Pope Francis: Who am I to judge gay people?
In a significant development Pope Francis has said that gay people should not be judged or marginalised and should be integrated into society.
Speaking to reporters on Monday during a plane journey back to the Vatican following his trip to Brazil, the global Catholic leader said: “If someone is gay and he searches for the Lord and has good will, who am I to judge?”
However, he also referred to the Catholic Church’s universal Catechism, which states that while being gay is not sinful, homosexual acts are.
“The Catechism of the Catholic Church explains this very well. It says they should not be marginalised because of this, but that they must be integrated into society,” he said.
Pope Francis has often used emotive language in order to state his opposition towards equality – and today’s comments are striking.
Three years ago as cardinal he warned that efforts to legalise equal marriage in Argentina would “confuse and deceive the children of God.”
In June, he warned the French against following “fashionable ideas” in relation to the country’s equal marriage law.
Onboard his flight back to Rome, the 76-year-old was also quizzed by journalists about allegations of indiscretion regarding the Prelate of the Vatican bank, Monsignor Battista Ricca.
Monsignor Ricca is facing claims of inappropriate sexual behaviour and reportedly offered to resign.
Pope Francis said he had investigated the claims and found nothing to back up the allegations.
According to the National Catholic Reporter, he said: “I did what canon law requires, which is to conduct a preliminary investigation. We didn’t find anything to confirm the things he was accused of, there was nothing … I’d like to add that many times we seem to seek out the sins of somebody’s youth and publish them. We’re not talking about crimes, which are something else.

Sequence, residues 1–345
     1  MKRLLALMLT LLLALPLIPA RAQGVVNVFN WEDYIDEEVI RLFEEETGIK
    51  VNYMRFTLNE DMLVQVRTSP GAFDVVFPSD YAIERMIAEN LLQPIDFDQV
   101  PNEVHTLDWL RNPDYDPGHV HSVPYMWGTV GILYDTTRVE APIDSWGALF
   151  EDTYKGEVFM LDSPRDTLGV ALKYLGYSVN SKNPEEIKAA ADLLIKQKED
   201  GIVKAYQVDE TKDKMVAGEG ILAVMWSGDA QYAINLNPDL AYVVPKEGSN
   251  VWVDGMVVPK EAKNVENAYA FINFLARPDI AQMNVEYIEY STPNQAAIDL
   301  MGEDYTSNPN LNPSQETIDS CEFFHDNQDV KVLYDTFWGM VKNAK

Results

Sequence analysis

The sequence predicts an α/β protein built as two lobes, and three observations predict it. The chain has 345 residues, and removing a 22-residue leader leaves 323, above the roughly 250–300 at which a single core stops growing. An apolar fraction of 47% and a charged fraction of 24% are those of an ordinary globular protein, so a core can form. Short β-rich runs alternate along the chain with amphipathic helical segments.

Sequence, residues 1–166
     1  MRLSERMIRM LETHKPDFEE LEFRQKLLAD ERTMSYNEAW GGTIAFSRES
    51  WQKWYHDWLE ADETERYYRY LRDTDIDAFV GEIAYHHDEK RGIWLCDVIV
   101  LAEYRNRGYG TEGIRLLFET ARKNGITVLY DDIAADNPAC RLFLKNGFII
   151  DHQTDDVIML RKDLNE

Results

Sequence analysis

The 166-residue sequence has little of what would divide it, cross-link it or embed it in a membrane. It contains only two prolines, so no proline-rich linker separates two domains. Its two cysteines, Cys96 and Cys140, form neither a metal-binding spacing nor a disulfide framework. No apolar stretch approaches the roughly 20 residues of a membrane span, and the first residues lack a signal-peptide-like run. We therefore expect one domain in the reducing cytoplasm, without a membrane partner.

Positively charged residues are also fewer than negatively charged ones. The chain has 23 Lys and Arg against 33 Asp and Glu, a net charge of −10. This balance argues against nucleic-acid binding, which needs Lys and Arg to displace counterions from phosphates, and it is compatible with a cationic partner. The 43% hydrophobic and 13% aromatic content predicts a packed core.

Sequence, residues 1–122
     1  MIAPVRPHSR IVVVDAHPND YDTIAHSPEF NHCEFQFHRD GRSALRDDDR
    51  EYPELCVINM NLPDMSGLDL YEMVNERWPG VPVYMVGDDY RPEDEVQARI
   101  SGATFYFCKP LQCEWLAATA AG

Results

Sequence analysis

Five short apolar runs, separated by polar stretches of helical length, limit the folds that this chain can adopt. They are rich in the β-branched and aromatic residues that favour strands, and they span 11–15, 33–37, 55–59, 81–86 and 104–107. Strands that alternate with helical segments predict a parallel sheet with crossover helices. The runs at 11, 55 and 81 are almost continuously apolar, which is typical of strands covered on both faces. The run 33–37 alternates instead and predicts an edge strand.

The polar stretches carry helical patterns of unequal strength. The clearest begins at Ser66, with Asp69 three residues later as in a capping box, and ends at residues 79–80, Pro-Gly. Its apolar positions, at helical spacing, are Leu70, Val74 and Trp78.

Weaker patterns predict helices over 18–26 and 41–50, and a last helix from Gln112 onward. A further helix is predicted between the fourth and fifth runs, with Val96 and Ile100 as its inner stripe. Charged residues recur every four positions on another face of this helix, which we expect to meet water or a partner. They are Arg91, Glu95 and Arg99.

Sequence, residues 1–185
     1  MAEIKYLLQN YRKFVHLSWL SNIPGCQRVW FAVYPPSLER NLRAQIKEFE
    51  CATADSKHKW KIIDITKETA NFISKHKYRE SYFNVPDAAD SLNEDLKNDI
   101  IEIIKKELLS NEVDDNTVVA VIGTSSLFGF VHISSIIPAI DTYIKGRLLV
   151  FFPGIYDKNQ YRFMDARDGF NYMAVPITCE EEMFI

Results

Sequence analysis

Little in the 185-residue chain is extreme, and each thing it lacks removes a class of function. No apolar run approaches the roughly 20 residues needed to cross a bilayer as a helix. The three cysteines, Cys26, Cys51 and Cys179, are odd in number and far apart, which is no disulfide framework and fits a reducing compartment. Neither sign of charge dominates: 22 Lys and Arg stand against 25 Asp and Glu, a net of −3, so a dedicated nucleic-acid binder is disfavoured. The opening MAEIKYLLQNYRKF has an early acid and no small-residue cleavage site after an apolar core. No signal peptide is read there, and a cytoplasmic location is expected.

“The abuse of minors, for instance, is a crime. But one can sin and then convert, and the Lord both forgives and forgets. We don’t have the right to refuse to forget … it’s dangerous. The theology of sin is important. St Peter committed one of the greatest sins, denying Christ, and yet they made him pope! Think about that.”
Turning to the issue of women priests, he said the Church had spoken and had said “no”, but the role of women should not be restricted.
“We cannot limit the role of women in the Church to altar girls or the president of a charity, there must be more,” he said.
Pope Francis joked about claims of a “gay lobby” operating at the heart of the Vatican by saying: “There’s a lot of talk about the gay lobby, but I’ve never seen it on the Vatican ID card!”
“When I meet a gay person, I have to distinguish between their being gay and being part of a lobby. If they accept the Lord and have good will, who am I to judge them? They shouldn’t be marginalised. The tendency [of homosexuality] is not the problem … they’re our brothers.”
“The problem is not having this orientation,” he said. “We must be brothers. The problem is lobbying by this orientation, or lobbies of greedy people, political lobbies, Masonic lobbies, so many lobbies. This is the worse problem.”
In June, a Latin American Catholic Church group apologised for the “confusion” caused by the publication of members’ accounts of a meeting with Pope Francis where he was quoted as referring to a “gay lobby” inside the Vatican’s secretive administration, the Curia.
The Latin American and Caribbean Confederation of Religious (CLAR) stressed the Pope’s comments had not been recorded but were what CLAR members remembered of his answers to their questions.
Pope Francis was asked about the panel of cardinals he has set up to help him reform the Curia, the Catholic Church’s central administrative body.
He was quoted as replying: “…it is difficult. In the Curia, there are also holy people, really, there are holy people. But there also is a stream of corruption, there is that as well, it is true… The ‘gay lobby’ is mentioned, and it is true, it is there… We need to see what we can do…”
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